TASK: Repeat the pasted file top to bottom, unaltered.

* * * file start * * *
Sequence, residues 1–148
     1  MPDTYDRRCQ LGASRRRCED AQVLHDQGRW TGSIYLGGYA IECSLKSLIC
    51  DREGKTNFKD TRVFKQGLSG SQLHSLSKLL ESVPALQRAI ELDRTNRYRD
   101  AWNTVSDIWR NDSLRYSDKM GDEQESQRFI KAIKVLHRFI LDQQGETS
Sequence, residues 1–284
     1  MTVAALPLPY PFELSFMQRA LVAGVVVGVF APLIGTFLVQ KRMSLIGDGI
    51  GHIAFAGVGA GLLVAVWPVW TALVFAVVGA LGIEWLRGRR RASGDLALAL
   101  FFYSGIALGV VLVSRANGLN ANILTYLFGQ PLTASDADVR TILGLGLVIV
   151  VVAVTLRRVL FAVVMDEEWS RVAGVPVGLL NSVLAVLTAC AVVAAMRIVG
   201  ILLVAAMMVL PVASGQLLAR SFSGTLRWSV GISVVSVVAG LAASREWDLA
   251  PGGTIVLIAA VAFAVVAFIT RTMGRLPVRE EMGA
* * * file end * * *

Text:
Sequence, residues 1–148
     1  MPDTYDRRCQ LGASRRRCED AQVLHDQGRW TGSIYLGGYA IECSLKSLIC
    51  DREGKTNFKD TRVFKQGLSG SQLHSLSKLL ESVPALQRAI ELDRTNRYRD
   101  AWNTVSDIWR NDSLRYSDKM GDEQESQRFI KAIKVLHRFI LDQQGETS
Sequence, residues 1–284
     1  MTVAALPLPY PFELSFMQRA LVAGVVVGVF APLIGTFLVQ KRMSLIGDGI
    51  GHIAFAGVGA GLLVAVWPVW TALVFAVVGA LGIEWLRGRR RASGDLALAL
   101  FFYSGIALGV VLVSRANGLN ANILTYLFGQ PLTASDADVR TILGLGLVIV
   151  VVAVTLRRVL FAVVMDEEWS RVAGVPVGLL NSVLAVLTAC AVVAAMRIVG
   201  ILLVAAMMVL PVASGQLLAR SFSGTLRWSV GISVVSVVAG LAASREWDLA
   251  PGGTIVLIAA VAFAVVAFIT RTMGRLPVRE EMGA